With normal settings, Apple’s famous application launcher either sits at the bottom of the screen with a 3D, reflective appearance, or at the side of the screen with a black, minimalistic look. There is no option to change this, and while there are a few Haxies (applications that ‘hack’ OS X to change its appearance) to edit the look and feel of the Dock completely, there is no simple way to change its appearance quickly.
2Dornot2D changes this; with the click of a button you can change the dock from it’s 3D reflective surface to the black matte look. It’s a small, simple change that totally alters the look of your Mac without having to go through the Terminal or use any other workaround.
4. Amnesty (Free 30-day Trial, $19.95 license)
It’s fair to say the the Dashboard is a little under-appreciated in some Mac circles, with many users never really using it, or even knowing that it’s there. It takes time to load up Widgets, you don’t have access to them while you work on your Desktop, and their functionality is mostly in apps in OS X anyway.
To those people we say this: you need Amnesty.
This app gives you the chance to add your Widgets to your desktop workflow by simply choosing which one you want to use. Using the drop down menu that appears when the Amnesty Menubar icon is clicked you can select a Widget that you want to see and it will instantly pop up on your Desktop.
From there you can right click each Widget you’ve added to completely customise the way they behave. You can make Widgets always sit at the front of the screen, stick to the Desktop, or act a like a window, as well as set their opacity and rotation. Soon, you’ll have all your favourite Widgets sitting at jaunty angles on your screen, well within reach whenever you require them, without ever needing to open up a large application like Dictionary or iCal.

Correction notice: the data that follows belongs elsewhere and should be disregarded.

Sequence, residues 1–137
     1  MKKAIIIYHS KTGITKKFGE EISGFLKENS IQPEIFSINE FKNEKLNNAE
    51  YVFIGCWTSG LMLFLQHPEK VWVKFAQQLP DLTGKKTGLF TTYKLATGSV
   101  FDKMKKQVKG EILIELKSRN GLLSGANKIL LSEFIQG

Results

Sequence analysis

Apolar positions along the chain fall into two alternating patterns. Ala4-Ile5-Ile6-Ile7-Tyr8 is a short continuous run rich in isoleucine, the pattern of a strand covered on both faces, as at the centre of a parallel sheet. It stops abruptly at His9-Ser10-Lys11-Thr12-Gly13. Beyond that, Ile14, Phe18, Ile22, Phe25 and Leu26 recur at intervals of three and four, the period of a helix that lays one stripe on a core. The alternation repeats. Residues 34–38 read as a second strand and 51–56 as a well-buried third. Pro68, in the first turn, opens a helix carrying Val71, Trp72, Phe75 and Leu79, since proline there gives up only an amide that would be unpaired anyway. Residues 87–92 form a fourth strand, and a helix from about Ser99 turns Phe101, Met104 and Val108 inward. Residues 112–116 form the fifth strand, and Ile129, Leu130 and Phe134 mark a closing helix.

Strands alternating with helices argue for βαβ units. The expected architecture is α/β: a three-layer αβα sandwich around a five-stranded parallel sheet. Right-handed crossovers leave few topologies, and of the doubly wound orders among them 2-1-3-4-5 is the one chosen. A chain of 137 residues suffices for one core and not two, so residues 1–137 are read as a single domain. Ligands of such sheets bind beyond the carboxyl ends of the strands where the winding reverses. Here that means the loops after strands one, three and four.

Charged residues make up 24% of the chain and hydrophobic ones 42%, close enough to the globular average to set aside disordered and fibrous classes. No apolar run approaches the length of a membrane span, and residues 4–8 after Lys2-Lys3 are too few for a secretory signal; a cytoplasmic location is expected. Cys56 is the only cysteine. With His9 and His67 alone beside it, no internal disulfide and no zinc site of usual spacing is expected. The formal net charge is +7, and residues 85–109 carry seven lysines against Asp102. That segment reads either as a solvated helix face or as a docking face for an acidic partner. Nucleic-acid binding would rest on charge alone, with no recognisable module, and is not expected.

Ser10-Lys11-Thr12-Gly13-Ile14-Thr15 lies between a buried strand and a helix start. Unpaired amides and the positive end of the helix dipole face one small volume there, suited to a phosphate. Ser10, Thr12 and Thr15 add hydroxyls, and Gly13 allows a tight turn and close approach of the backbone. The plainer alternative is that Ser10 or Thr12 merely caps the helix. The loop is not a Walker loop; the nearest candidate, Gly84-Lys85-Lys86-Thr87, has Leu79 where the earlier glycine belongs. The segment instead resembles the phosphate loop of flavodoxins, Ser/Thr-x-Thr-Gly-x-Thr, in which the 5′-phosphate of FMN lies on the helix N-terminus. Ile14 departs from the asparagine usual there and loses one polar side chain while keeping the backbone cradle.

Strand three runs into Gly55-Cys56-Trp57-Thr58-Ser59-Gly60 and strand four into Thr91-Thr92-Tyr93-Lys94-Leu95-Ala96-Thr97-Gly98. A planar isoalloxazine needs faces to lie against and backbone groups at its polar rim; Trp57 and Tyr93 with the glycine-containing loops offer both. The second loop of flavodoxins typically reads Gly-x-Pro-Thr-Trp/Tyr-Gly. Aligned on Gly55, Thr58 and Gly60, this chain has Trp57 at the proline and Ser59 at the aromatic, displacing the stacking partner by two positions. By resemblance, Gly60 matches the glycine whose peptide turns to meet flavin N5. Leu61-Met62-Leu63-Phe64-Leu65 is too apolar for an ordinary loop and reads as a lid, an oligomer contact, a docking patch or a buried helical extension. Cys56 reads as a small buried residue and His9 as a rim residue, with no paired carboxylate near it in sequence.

5. Candybar (Free Trial, $29 license)
This is one for those who really want to play around with their machines. Candybar lets you change the look of every icon on your machine, from the simple ones like folders to the incredibly difficult, like Trash and Finder. It’s been around for a while now, but is now on it’s 3rd iteration, which includes a selection of improvements.
The interface is a clean and simple as ever, with an easy drag and drop mechanic that allows you to alter your icons quickly and easily. There are tons of icon packs that you can download online that work with Candybar, and when you have a selection you like you can import them as a folder and easily add them to your library. Dragging and dropping them into the upper window then applies them instantly.
What’s even better, though, is the option to alter the way your Dock looks completely. Again, thanks to a simple drag and drop system, changing the look of your dock is no longer a mission that sees you delving into the System folders of OS X and replacing files. Instead, you just need to find an image you want to use (which again, are available online if you don’t want to make your own) before dragging and dropping them into Candybar to see them applied.
It’s a simple way to edit all kinds of aspects of your machine, and if you’re serious about personalising your Mac and don’t mind spending a little cash doing it, Candybar is a great choice. It also makes it easy to change everything back – you just have to drag the icon you want to remove out of the Candybar window and the original look will be returned.
These are just a few of our favourite personalisation applications, but there are plenty more. Some apps like Shapeshifter no longer work with new versions of OS X, but Lion is still in its formative months and we may see a lot more apps and haxies being updated in the next few months to include support for the new system. For now, have fun personalising your Mac – share your thoughts below and maybe even post a picture of your personalised set-up when you’re done.